New Brunswick

Province puts up $1M to help unemployed adults learn French

The New Brunswick provincial government will spend up to $1 million to provide free access to second-language training for adults who are unemployed.

Money will go to increasing number of courses and giving unemployed adults free access

Premier Brian Gallant announced on Tuesday that his government would invest up to $1 million in helping people learn French. (CBC)

The New Brunswick government is aiming to give more people an opportunity to learn French.

The government will spend up to $1 million to provide free access to second-language training for adults who are unemployed. 

That money will go to adding more courses and making them more affordable. Premier Brian Gallant says the one-year program's cost will depend on how many people use it. 

"This will help raise awareness of the programs that already exist, but even more importantly it's going to allow those without employment in the province right now to be able to upgrade their skills in a second official language for free," said Gallant.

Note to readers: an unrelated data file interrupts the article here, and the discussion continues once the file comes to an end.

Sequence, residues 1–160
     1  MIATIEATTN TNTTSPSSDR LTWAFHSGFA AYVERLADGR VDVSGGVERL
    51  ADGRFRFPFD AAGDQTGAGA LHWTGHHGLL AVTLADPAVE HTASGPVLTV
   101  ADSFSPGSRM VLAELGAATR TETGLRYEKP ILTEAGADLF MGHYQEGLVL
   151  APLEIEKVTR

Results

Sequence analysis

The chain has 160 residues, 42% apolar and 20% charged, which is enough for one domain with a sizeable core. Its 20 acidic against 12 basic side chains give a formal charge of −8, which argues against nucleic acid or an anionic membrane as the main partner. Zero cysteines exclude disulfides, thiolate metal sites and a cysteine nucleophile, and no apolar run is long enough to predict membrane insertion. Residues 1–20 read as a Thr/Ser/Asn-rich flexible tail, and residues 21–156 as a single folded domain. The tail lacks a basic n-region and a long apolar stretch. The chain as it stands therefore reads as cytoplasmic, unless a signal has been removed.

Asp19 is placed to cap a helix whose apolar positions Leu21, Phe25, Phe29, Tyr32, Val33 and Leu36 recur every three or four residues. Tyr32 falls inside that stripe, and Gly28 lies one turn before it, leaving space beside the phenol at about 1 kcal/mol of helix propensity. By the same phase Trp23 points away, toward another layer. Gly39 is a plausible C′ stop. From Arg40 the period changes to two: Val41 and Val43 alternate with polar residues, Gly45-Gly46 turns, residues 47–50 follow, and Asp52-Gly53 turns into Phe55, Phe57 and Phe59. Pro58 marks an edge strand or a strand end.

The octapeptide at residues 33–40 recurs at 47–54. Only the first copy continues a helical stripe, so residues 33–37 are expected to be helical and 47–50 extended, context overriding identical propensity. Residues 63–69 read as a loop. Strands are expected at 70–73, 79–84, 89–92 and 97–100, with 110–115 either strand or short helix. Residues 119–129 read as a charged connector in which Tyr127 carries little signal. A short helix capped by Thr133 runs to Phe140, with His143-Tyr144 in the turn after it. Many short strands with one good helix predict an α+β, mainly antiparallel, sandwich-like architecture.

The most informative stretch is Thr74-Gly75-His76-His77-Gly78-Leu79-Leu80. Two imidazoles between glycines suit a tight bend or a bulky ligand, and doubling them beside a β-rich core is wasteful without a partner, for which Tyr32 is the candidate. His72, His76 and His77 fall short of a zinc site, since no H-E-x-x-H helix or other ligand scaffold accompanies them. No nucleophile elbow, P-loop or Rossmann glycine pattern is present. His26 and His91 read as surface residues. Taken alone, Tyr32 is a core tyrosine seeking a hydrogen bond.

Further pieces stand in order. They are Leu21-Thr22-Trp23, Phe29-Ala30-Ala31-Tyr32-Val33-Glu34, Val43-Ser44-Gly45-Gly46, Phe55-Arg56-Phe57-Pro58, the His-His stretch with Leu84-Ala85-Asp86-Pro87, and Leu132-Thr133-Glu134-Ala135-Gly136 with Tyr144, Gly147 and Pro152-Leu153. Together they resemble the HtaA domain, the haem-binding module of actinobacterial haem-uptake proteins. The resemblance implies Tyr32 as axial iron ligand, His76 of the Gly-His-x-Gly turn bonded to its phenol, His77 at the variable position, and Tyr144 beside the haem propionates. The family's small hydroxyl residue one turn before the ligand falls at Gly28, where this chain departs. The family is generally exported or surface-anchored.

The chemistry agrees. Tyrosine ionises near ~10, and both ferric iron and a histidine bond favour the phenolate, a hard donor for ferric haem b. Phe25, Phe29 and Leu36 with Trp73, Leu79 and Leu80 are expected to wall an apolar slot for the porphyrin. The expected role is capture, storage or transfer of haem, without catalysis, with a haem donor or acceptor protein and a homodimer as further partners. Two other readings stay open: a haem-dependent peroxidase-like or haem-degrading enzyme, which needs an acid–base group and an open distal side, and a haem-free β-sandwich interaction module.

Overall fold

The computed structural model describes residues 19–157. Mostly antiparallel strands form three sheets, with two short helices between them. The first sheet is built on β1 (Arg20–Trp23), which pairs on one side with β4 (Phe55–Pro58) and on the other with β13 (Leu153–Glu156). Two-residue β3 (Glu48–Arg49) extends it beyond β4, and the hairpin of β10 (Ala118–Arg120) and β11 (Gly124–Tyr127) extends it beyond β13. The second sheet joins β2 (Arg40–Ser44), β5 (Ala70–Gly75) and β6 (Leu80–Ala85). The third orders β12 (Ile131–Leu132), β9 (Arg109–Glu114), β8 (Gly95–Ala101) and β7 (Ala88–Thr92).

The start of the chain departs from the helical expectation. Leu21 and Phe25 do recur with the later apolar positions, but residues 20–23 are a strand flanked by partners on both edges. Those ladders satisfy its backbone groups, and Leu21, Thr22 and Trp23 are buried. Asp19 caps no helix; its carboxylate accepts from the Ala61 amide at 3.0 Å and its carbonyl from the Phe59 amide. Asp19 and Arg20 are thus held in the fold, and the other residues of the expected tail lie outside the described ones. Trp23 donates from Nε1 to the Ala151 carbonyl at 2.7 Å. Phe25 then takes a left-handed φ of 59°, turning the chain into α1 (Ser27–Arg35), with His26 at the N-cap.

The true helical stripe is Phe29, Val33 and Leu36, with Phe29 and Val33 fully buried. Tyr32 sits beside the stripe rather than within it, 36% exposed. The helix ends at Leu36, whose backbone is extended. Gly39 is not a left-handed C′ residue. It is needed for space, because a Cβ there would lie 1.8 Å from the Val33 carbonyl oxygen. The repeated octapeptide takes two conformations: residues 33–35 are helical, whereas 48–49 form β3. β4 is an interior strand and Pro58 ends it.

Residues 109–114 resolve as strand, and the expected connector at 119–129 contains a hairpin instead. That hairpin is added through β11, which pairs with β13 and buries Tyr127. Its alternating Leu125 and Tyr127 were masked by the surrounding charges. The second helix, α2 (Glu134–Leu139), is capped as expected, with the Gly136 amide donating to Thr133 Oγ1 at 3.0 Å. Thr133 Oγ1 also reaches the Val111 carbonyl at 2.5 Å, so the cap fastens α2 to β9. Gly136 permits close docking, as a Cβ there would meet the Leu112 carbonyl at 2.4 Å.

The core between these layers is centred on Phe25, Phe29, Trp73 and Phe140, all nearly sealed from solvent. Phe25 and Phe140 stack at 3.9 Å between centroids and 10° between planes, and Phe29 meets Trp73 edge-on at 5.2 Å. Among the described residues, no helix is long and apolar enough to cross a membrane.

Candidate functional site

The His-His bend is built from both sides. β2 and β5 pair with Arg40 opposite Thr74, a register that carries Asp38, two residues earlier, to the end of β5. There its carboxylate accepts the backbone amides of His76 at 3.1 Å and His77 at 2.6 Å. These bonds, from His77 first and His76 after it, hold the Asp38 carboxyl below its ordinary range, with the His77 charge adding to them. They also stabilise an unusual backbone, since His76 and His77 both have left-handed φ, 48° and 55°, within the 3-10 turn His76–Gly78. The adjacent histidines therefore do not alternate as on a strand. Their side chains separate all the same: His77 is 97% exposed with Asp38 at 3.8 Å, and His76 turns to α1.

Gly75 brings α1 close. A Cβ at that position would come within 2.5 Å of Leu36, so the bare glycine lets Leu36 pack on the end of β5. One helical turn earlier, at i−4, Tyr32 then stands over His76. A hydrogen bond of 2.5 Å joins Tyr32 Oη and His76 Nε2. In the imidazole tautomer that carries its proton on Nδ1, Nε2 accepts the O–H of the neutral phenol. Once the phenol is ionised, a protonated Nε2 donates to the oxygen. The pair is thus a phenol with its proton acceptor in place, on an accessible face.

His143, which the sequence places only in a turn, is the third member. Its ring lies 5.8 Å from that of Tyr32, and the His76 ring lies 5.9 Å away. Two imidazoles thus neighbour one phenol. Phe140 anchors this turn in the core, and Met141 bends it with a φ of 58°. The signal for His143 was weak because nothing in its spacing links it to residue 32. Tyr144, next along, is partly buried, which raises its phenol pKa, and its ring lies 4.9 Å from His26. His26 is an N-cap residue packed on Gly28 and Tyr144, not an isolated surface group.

Gallant says the program will be available at any community college in the province.

"We think that it's very beneficial to the work force here in New Brunswick, and we believe that if we can offer this to more people of course they're going to be able to enhance their job opportunities here in New Brunswick," said Gallant.

Though the program is only planned for one year, Gallant isn't ruling out extending the program. He said they are very confident many New Brunswickers are going to use this new program.

Tolerance of bilingualism

The announcement comes after a speech from the premier calling for more tolerance of bilingualism

Gallant gave a speech in Saint John on Monday about why bilingualism is important in the province. Gallant cited his own life experience in dealing with bilingualism.

He included a story of his anglophone mother trying to learn French, but getting pushback from both anglophones and francophones at the fast-food restaurant she manages.

In his speech, he said he agreed that there aren't enough opportunities to learn a second language in New Brunswick, teasing Tuesday's announcement.